Annie Houchin - Recipient of a Gifted Fund Grant for Adult Amateurs
My goal in receiving the Gifted Fund grant was to spend a week learning with my two horses, Noah and Asgaard, and trainer without distractions. I was laid off from my job and also caring for an ailing parent, so finances were tight and time was limited. Taking bi-monthly lessons was good, but I felt like my horses and I needed more attention than I could afford. I knew if I could get consistent lessons, I would feel more comfortable moving toward competing in recognized shows and beginning the goal of attaining my bronze medal.
On Monday, April 22nd I loaded up the trailer and headed to Sherry Guess’s home in Porter, Oklahoma. Fortunately, we only had one day to schedule around rainstorms, which is a rarity in northeast Oklahoma. Springtime weather can sometimes be…exciting.
Sherry recognizes the importance of biomechanics and its influence on effective communication between horse and rider. Sherry and I used the Equestrian Journal daily to keep track of what we worked on so I will be able to go over my notes in the future.
“STAND IN THE BOAT” -- Which basically means balance. We worked on Asgaard’s better response to the basics and meeting his contact. Light aids, listen for response, no response = consequence.
Noah is a Haflinger, which presents its own challenges. He has a difficult time working from his hind and under himself. Canter does not come naturally. 8-10m circles using the inside leg to drive the hind leg under. Come out of the circle, leg-yield and ask for lengthening. Squeeze long and strong. Canter, keeping inside rein to keep from head-toss. “Self-carriage for the rider is hard”.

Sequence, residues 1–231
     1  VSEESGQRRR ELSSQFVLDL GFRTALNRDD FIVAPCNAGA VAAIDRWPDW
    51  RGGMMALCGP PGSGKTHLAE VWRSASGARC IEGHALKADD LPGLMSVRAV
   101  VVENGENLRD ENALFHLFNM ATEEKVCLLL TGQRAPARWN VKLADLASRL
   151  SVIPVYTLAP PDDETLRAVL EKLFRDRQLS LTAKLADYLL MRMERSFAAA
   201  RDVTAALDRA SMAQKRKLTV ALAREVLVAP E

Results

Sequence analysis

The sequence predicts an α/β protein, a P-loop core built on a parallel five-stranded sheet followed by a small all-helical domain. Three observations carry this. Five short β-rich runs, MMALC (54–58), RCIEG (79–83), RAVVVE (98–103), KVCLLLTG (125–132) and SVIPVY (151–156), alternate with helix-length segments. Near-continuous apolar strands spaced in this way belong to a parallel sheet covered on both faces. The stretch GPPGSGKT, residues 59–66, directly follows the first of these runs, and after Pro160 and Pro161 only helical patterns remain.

DAY 2 RAIN:
“YOU MUST TRAIN EVERY STRIDE” -- Since it was raining, Sherry came to the arena where I board. It was a good chance for her to see the horses in their daily element. With Noah, we worked on 20-meter circles in small trot, working trot and lengthening. Leg yield loops the width and length of the arena. Then, lengthening in loops. Prepare and pay attention during canter transitions.
“PREPARE – WHAT COMES BEFORE”-- Worked on not having to push Asgaard to get him to go. Walk needs more power from my body to get power from him. Canter transition, hind needs to be more active. Noah, square corners in trot, now add lengthening.
“RIDE TO THE BIT” -- Low Gear (use lower abs/core), lats and calves to ride into the bit. Canter, keep the inside rein. Even if really strong, release your outside arm so he has someplace to go. Push him into your hands.
“DO NOT ACCEPT A WALK YOU DON’T WANT TO SHOW” -- Head-wagging/bobbing at the walk = dragging belly. 10m canter circle. Working trot E to CL, CL to B – Leg yield, B-E Lengthen trot.
Suggested reading: “When 2 Spines Align” by Beth Baumert
On the Sunday after my wonderful week with Sherry, I competed with Noah at the Central Plains Dressage Society Spring Recognized Show at Valley View Equestrian Center in Stillwater, Oklahoma. We rode 1st Level test one and received a 65%, which earned us second place! This is my first score toward my bronze medal and I don’t think I would have had the confidence to ride the test if it wasn’t for my time with Sherry. I want to thank The Dressage Foundation, its committee and the Equestrian Journal for giving me the opportunity to learn and grow in my dressage journey. I love this sport and I want to be the best I can be for my horses and our community. I will encourage others to take advantage of this GIFT!